Khan is requested to seek guidance from great Arab-American scholar Edward Said (1935-2003) who had declared the Samuel’s theory as “The Clash of Ignorance.”
Few years later, Benazir Bhutto appeared with another brilliant solution in her book entitled Reconciliation: Islam, democracy, and the West. This book proposed a way forward to co-existence and true reflection Jinnah’s vision towards Pakistan.
(I remember how Jamaat-e-Islami rushed to condemn her book, which she wrote few months before her assassination in 2007, in its official publication Tarjman ul Quran weeks after its publication in 2008.)
If Khan is willing to transform Pakistan as per vision of Islamist organizations, then he should stop his rhetoric for peace with India and officially declare war against non-Muslims who are not ready to surrender before Islam.
Fariduddin Masud (1179-1266) aka Baba Farid born at a village called Kothewal, 10 km from Multan and died in Pakpattan where PM Khan appeared during the election campaign and sought the saint’s blessings. A proponent of message of love, peace and co-existence among religions, Baba Farid’s poetry is part of Sikhism religious text Guru Granth Sahib Ji.
(The other Muslim Sufi whose hymns are included in Granth is Bhagat Bhikhan (1480-1573) who was born at Kakori near Lucknow in present-day Uttar Pradesh state in India.)
Bahadur Shah Zafar was a rallying point for anti-colonial struggle
Prime Minister Imran Khan’s criticism on Zafar and the comparison of the Mughal king with Tipu Sultan demonstrate that he was not only misinformed or misled about Jinnah’s vision, he has equally flawed understanding about Indian history.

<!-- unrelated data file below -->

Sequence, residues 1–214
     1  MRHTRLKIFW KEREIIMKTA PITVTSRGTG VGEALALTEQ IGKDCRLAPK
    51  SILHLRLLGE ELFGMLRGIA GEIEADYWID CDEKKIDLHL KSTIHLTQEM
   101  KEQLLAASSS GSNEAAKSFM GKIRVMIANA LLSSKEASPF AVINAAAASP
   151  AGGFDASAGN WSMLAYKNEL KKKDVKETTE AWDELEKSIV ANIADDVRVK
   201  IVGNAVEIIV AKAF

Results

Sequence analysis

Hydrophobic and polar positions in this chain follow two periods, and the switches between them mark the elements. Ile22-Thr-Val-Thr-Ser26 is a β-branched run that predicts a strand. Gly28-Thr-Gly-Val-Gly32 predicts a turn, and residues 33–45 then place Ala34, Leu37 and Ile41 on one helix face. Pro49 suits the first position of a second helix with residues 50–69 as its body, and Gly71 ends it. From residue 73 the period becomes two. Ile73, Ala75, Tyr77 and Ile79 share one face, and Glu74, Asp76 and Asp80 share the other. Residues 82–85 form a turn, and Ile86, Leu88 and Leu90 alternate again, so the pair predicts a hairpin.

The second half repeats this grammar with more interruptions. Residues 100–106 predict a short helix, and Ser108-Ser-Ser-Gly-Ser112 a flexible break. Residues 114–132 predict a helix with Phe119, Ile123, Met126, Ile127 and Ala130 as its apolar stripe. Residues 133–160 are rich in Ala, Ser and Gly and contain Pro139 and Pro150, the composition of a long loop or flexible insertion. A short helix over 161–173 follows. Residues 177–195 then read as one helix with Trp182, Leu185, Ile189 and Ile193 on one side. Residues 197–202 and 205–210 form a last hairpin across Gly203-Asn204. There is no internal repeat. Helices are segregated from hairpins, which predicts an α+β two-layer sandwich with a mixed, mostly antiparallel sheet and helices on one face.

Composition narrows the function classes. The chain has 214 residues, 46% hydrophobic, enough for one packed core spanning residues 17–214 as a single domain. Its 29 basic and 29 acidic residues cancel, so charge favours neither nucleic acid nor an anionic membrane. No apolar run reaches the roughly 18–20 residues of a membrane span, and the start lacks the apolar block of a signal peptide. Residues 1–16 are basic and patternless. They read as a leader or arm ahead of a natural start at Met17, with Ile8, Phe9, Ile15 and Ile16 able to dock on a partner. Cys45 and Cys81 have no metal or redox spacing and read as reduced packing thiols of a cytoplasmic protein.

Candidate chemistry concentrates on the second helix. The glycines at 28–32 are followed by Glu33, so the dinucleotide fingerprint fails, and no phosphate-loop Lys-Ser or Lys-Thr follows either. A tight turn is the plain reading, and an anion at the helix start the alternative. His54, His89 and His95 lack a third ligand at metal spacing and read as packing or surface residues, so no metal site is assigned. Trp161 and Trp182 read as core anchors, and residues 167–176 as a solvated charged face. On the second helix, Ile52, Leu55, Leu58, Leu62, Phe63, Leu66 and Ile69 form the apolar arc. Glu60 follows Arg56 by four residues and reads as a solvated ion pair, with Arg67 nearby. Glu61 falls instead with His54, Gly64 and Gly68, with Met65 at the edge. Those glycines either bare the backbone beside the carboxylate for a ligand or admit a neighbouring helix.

Tipu, (1750-1799), a young dynamic ruler (1782-1799) of Mysore, is indeed a hero of this region (except from the followers of Hindutva) but Zafar (1775-1862) is not villain of this nation.
Comparison between an octogenarian, dying king who had nothing in his hands with a ruler who inherited a strong army from his father is rather unjustified.
But, still we cannot deny that Zafar was the rallying point for the failed Indian uprising of 1857 against the British East India Company.
Khan must know that the Mughal Empire had lost much of its influence and territory by the end of the 1700s. Zafar came to the throne in 1837, aged 63, and his rule extended only to Delhi and its surroundings. His coronation took place after his father Akbar Shah II’s 31 years (1806-1837) service as a titular figurehead under British protection. Zafar, at time of mutiny, was 82 and died after arrest at age of 87 in November 1862 in Yangon Burma.
Mughal rule started over India in 1526 and till 1707 (181 years) it was led by six kings (Babur, Hamayun, Jahangir, Shah Jahan and Alamgir).
But from 1707 to 1857 (150 years), we have a long list of Bahadar Shah I, Jahandar Shah, Farrukhsayar, Rafiud Darajat, Shah Jahan II, Muhammad Shah, Ahmad Shah Bahadur, Alimgir II, Shah Jahan III, Shah Alam II, Muhammad Shah Bahdur, Akbar Shah II and then Bahadur Shah II.
One can safely say that Mughal kings replacements took place with the same speed from 1707 to 1857 as of the prime ministers in Pakistan.